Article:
Make It Count campaign launched!
Disabled sportspeople from Paralympic to grassroots level have thrown their support behind a new campaign aimed at inspiring a boost in activity during this summer’s Games.
Make It Count has been launched by Scope following new research by the disability charity which found nearly half (48 per cent) of disabled people have become less active since the pandemic began.
The same research discovered more than a third (35 per cent) of disabled people feel excluded from sport, citing barriers such as negative attitudes, inaccessible sporting venues and a lack of trained staff to support disabled people.
Oliver Lam-Watson, a wheelchair fencer who will make his Paralympic debut in Tokyo, understands those feelings but hopes Make It Count can help alter perceptions.
The campaign sees participants asked to choose an active challenge to take on during the 13 days of Paralympic action between August 24 and September 5, which could be daily, a one-off or anything in between.
Unlike other sports challenges that focus on distance, Make it Count participants clock up minutes, either aiming for a target or seeing how they go, while raising vital funds for Scope – with those raising over £100 to receive an exclusive Make It Count medal to mark the achievement.
Lam-Watson said: “There are lot of people who are really insecure about their disability, and if they experience any judgment from people for trying a new sport they’re not going to go back. These are barriers created by society.
“One thing I struggled with growing up was that there were no disabled role models for me, that could inspire me. But media representation has improved and hopefully now the attitudes towards disability have changed a lot.
“The Paralympics are an amazing symbol of inclusivity that tell the world that we are all athletes, and that has really changed since 2012.
“My teammate is world number one. And he was offered wheelchair fencing at school. How many champions could we have in this country if we had more sport to offer disabled kids?
“As a young disabled person, I always felt like I had to be better than everyone else just to be seen as equal.
“The only person who knows whether you can or can’t do this is you. So go and find out.”
While Lam-Watson and his ParalympicsGB teammates will be going for gold in Tokyo, the Make It Count campaign aims to inspire those who may just be beginning or restarting their sporting journeys to clock up minutes.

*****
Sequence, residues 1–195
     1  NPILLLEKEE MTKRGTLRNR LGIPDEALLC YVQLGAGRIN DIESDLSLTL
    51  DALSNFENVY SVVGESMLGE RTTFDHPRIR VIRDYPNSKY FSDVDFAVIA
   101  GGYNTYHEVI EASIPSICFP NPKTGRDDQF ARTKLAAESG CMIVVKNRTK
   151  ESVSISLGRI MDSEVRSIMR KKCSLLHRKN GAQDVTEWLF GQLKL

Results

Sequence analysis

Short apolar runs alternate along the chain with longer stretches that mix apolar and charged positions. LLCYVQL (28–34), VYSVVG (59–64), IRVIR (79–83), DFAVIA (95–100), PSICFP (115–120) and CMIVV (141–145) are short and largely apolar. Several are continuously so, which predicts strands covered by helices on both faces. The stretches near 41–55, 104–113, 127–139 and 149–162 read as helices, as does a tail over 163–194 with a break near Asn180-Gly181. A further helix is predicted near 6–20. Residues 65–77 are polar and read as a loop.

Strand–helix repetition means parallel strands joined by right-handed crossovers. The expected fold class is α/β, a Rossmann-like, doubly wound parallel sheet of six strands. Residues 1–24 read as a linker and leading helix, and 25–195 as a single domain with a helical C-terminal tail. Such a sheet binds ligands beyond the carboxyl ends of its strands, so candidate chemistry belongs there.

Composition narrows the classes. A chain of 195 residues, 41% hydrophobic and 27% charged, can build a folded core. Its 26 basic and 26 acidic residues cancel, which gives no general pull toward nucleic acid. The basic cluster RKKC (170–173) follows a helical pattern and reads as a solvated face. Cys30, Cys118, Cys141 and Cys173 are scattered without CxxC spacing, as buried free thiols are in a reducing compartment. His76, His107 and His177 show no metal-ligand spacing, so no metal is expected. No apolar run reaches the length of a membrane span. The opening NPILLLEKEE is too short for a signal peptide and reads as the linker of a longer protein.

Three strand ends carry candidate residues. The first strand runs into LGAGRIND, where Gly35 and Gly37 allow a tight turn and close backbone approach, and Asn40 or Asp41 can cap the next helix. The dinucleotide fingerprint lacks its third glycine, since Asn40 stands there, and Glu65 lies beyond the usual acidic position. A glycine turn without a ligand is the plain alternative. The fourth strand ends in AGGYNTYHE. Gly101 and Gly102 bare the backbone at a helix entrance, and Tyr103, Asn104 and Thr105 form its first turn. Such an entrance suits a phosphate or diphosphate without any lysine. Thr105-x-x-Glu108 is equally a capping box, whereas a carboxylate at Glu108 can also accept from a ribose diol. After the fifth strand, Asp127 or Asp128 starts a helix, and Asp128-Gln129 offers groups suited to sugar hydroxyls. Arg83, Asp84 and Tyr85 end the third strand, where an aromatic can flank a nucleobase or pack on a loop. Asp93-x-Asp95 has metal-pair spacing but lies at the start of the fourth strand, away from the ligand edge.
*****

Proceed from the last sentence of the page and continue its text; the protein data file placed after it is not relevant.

Despite the barriers identified in Scope’s research, 91 per cent of respondents want to become more active and the charity is calling on sporting facilities around the UK to make themselves more accessible to disabled people.
Laura Cook, who has Nail Patella Syndrome, a genetic syndrome which affects her mobility, hopes the campaign will help shine a light on participation within disability sport in the same manner as London 2012.
“Growing up, it felt like no one at school was making an effort to include me in sports,” she said.
“In my 30s, my mobility got worse and it was impacting my daily life, so I thought that I needed to do some kind of exercise.
“My previous experience of gyms and personal trainers were intense and intimidating. When I asked staff to help me find things I could do in the gym and I was faced with these negative attitudes and just felt like a burden.
“Then I joined a different gym and got a personal trainer and I’ve never looked back. What I’ve noticed is that one-to-one support helps so much and it’s great to have someone who knows you and adapts to your needs.
“Joining a gym has had a huge positive effect on my mental health. The satisfaction of being able to do something you didn’t think you’d be able to do is priceless. I’ve achieved things in the gym that I never thought I would.
“For me personally, London 2012 was a complete revelation. I was lucky enough to get a ticket to the Paralympic 2012 opening ceremony and the atmosphere was amazing. I felt so much a part of something.
“But I think it’s slowly been forgotten over the years. It’s all very well being a Paralympian, but they are elite athletes. Disabled people who aren’t Paralympians should also have the same opportunities to get involved in sport.
“I really want to encourage others to feel they can do something and not be scared of trying something new – you will find something that works for you.”
Scope’s Mark Hodgkinson added: “By launching Make it Count, we want to create a movement of movers – we want to inspire people to set themselves an active challenge, raise vital funds for Scope and celebrate inclusivity in sport.
“It could be five minutes; it could be 500. Whatever you do to get moving, we are asking people to make it count.
“Our research shows that disabled people want to get active and are raring to go but too often they face barriers.
“As we move out of lockdown, we must not waste this opportunity to improve attitudes, improve our gyms and sports centres and get more disabled people involved in sport.
“Our Make it Count fundraiser will take place during the most important Paralympics ever for disability equality.
“The Paralympics are a time when there is global interest in disability sport, but we know that exclusion from physical activity is still an everyday reality for too many disabled people.
“The Paralympics only run for two weeks, but Scope wants sport to be accessible to everyone all year round.”
All minutes clocked will feed into a totaliser in order to highlight the collective efforts of those taking part in a celebration of inclusive sport.